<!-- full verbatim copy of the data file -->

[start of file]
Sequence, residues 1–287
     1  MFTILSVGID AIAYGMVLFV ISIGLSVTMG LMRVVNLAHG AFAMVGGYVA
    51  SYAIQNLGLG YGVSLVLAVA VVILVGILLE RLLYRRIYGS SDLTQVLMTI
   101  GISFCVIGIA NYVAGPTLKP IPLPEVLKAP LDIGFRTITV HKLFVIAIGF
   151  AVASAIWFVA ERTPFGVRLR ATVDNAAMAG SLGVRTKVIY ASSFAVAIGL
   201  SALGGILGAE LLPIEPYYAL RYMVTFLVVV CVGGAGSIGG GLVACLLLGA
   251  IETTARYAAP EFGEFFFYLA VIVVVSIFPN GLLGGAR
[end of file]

Sequence, residues 1–287
     1  MFTILSVGID AIAYGMVLFV ISIGLSVTMG LMRVVNLAHG AFAMVGGYVA
    51  SYAIQNLGLG YGVSLVLAVA VVILVGILLE RLLYRRIYGS SDLTQVLMTI
   101  GISFCVIGIA NYVAGPTLKP IPLPEVLKAP LDIGFRTITV HKLFVIAIGF
   151  AVASAIWFVA ERTPFGVRLR ATVDNAAMAG SLGVRTKVIY ASSFAVAIGL
   201  SALGGILGAE LLPIEPYYAL RYMVTFLVVV CVGGAGSIGG GLVACLLLGA
   251  IETTARYAAP EFGEFFFYLA VIVVVSIFPN GLLGGAR